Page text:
John G. Roberts is not another Souter
It's good to see that the administration is thinking way ahead in this Suprem Court nomination. Barring any surprises, let us hope that Roberts is a steady justice and that he doesn't evolve and move to the left in the years to come. This is a great article from the Weekly Standard
that sheds light on the interview process and the issues the president was focusing on.
IN THE DAYS BEFORE PRESIDENT Bush picked a Supreme Court nominee, the White House was gripped by Souter-phobia. Bush and his aides desperately wanted to avert the disaster that befell his father's White House in 1990. The elder Bush, on the advice of his chief of staff John Sununu and Senator Warren Rudman of New Hampshire, picked an unknown judge, David Souter, for the Supreme Court, thinking he was a conservative. Souter turned out to be a flaming liberal, so much so that Senator Ted Kennedy now regrets having voted against confirming him. In naming Souter, Bush had passed over another judge he'd interviewed for the job, a real conservative from Texas named Edith Jones. The reason: Confirmation of Souter looked easier and probably was. For conservatives, however, his elevation to the High Court was a mistake for the ages.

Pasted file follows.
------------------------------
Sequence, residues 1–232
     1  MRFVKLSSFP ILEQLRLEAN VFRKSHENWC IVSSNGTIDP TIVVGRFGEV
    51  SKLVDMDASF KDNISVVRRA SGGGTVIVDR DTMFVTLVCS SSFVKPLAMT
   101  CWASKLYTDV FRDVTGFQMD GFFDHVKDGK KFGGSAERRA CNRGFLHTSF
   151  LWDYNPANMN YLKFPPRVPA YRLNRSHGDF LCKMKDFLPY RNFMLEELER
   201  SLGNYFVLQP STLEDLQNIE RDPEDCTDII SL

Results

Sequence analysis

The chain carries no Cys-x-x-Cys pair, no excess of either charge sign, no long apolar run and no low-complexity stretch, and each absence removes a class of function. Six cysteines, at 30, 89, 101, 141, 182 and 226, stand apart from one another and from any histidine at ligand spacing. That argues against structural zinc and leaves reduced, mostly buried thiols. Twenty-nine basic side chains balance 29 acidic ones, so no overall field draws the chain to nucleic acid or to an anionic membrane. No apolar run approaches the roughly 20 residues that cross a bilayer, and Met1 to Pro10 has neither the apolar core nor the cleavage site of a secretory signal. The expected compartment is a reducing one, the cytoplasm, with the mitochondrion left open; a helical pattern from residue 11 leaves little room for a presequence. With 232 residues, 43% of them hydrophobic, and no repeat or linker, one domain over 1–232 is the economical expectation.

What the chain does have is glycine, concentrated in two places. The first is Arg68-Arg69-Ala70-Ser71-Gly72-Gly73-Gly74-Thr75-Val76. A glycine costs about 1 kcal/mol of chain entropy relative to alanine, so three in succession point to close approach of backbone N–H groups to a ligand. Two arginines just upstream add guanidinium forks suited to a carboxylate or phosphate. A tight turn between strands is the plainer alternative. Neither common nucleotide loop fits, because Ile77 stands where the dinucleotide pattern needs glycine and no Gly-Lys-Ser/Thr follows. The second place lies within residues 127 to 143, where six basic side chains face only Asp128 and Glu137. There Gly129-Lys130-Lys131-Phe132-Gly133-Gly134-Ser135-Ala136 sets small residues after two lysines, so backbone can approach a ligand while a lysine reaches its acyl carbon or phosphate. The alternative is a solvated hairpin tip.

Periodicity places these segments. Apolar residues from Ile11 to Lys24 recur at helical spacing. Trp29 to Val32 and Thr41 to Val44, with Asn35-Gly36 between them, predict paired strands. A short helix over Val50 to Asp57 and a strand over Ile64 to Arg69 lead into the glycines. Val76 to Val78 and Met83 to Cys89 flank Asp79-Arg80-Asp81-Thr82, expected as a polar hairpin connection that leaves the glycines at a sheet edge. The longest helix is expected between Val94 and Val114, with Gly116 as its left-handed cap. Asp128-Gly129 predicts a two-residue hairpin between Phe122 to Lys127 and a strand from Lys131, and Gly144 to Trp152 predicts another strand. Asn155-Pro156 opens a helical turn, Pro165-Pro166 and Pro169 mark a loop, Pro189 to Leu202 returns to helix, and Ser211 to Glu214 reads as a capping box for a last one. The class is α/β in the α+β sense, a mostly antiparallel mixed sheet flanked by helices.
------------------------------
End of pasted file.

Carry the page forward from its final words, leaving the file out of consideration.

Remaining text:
Fear of another Souter led George W. Bush to seek the answer to a single question when he interviewed five potential nominees. All five were deemed to be conservatives. The question was whether they'd be the same 25 years from now as they are today--in other words, just as conservative. The interviews lasted from one hour to nearly two. Bush found John Roberts the most impressive. He decided Roberts would not lurch to the left as Souter had or even drift in that direction as other Supreme Court appointees of Republican presidents have. A White House official said Bush doesn't expect Roberts to "grow in office."